Via The Guardian: Suspicion slows dangerous work to eradicate polio in Pakistan. Excerpt:
In the dense alleyways of Ittehad town on the outskirts of Karachi, the fastest growing city in Pakistan, Farhina Tousif is waging a losing battle with a mother over vaccinating her children against polio.
“Do you have any children in this household under the age of five?” Tousif calls through a curtain separating the male and female quarters of a conservative Pashtun family. “No,” comes the answer via a nine-year-old boy, who is translating between the national language, Urdu, and the woman’s native Pashtu.
“Sister, I know you have children because I can see your son there. For God’s sake, don’t be the enemy of your child – let me vaccinate him,” says Tousif. The answer from behind the curtain is still a firm no.
Tousif knows when she has lost, and moves swiftly on to the next house. But the unvaccinated child or children left behind are not the only ones at risk in a complicated and patchy effort to control the number of wild poliovirus cases found in Pakistan, which shot up from 58 in 2012 to 306 last year.
Since the Taliban issued a ban on vaccinations, and compared female health workers to prostitutes for working outside the home, more than 80 vaccinators and the armed guards assigned to protect them have been gunned down.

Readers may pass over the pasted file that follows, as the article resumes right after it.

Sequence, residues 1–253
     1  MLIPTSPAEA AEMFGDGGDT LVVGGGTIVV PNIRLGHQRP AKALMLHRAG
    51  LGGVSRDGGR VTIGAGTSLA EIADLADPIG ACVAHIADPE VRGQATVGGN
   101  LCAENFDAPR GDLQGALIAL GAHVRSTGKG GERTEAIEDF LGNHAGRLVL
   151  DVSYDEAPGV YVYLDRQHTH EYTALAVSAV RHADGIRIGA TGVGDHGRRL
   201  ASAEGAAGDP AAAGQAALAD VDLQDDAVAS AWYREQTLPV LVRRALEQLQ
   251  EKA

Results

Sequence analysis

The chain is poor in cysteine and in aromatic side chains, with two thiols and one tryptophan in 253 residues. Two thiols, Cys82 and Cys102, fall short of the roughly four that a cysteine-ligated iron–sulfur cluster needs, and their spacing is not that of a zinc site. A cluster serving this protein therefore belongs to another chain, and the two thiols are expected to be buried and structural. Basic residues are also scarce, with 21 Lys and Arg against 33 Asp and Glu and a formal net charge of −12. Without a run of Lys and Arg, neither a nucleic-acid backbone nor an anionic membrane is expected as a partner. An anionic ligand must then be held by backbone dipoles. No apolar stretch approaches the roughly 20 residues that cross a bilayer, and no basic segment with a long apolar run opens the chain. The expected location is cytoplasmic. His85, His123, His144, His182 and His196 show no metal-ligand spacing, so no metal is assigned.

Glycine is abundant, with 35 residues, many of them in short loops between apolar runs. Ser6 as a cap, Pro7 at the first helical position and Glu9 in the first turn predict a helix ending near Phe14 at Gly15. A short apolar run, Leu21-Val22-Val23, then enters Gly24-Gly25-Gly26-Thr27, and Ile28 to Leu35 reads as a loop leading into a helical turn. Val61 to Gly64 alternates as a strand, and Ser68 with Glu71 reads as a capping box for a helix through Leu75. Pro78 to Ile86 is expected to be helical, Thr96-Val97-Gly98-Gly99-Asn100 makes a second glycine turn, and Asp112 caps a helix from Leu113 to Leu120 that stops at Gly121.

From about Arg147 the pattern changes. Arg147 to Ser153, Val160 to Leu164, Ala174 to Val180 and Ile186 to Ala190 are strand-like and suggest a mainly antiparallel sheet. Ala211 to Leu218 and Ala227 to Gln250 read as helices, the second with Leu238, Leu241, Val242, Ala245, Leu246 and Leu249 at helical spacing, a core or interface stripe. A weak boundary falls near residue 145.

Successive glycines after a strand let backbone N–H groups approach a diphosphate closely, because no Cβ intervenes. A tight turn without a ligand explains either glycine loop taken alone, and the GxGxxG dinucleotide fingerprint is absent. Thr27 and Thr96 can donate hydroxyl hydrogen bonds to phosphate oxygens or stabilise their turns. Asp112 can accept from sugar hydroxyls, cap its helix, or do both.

Tousif and others like her on the frontline of a battle to contain the disease have found their efforts entangled with women’s right to work, claims of US espionage, a barely adequate healthcare system and a deep distrust of authority. The challenges sometimes feel insurmountable, Tousif says.
“My colleagues risk their lives trying to help people, and get paid 500 rupees [£3.30] a day. I have to encourage them, like I do the mothers I see, to go out and work each time. It’s not the money, it’s the fact they don’t feel like we’re winning the war on polio. And when one of us dies, the number of vaccinators falls for months. But we need the money, so they usually come back.”
The Pakistani branch of the Taliban, the TTP, has seized on evidence that the vaccination campaign was used as cover by the CIA to gather intelligence. The US government said last year that the practice had stopped and the CIA director had instructed the agency “to make no operational use of vaccination programmes, which include vaccination workers”.
But rumours spread fast in Pakistan and prove near-impossible to debunk once they have taken hold. Communities such as the Pushtuns now associate polio vaccinators with CIA spies and US drones.